Death toll in London residential building fire rises to 12
Police confirmed that 12 people have died so far in a massive fire that engulfed a residential building in west London, Sky News reported on Wednesday.
Huge fire engulfs the building as firefighters battle the blaze, June 14, 2017. [Photo: VCG]
The fire was reported at the 24-storey block, Grenfell Tower, in north Kensington, and it is believed to have started on the fourth floor and soon spread to other floors, according to local media.
A police officer said the death toll will rise, according to Sky News.
"Following this morning's fire at Grenfell Tower, West London, we treated 68 patients and took them to six hospitals across London, where 18 people are currently in critical care," said London Ambulance Service Director of Operations Paul Woodrow in a statement.
"We are still on scene supporting London Fire Brigade in the recovery phase of the incident and would urge Londoners to only call us in a genuine emergency and to call NHS 111 for urgent healthcare advice," said Woodrow.
Meanwhile, a spokesman of the London Fire Brigade said that the integrity of the residential building is "a significant issue" and firefighters will be on scene for some time.
So far, emergency services are still searching for residents.
Smoke and flames rise from a building on fire in London, June 14, 2017. [Photo: AP/ Matt Dunham]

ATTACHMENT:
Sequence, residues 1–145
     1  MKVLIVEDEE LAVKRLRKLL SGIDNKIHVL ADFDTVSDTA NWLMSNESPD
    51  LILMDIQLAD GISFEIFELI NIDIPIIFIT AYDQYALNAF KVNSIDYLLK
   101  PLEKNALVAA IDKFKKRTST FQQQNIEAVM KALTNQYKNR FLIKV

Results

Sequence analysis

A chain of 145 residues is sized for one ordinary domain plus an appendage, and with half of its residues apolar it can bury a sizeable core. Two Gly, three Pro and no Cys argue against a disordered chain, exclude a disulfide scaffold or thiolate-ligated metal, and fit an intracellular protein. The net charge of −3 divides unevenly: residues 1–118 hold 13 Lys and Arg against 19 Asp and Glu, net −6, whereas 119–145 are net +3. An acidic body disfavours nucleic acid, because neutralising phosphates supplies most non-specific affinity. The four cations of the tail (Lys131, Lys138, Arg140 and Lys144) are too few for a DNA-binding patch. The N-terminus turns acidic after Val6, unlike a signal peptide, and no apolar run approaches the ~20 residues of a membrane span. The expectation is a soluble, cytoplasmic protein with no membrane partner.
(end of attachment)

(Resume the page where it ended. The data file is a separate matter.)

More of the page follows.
The London Fire Brigade said 45 fire engines and 200 firefighters were called to the scene. Assistant Fire Commissioner Dan Daly said it was a large and very serious incident.
"Firefighters wearing breathing apparatus are working extremely hard in very difficult conditions to tackle this fire," he said in a post on the brigade's Facebook page.
George Clarke, the presenter of "Amazing Spaces," told Radio 5 Live that he was covered in ash even though he was 100 meters (yards) from the scene.
He said he saw people waving flashlights from the top levels of the building and saw rescuers "doing an incredible job" trying to get people out.
Tim Downie, who lives not far away, told Britain's Press Association that he feared the building could collapse. He said he heard sirens, helicopters and shouting and then saw the building engulfed in flames.
"It's the most terrifying thing I've ever seen. I just hope they have got everyone out," he said. "People have been bringing water, clothes, anything they've got to help, out to the cordon."
AP also contributed to this story.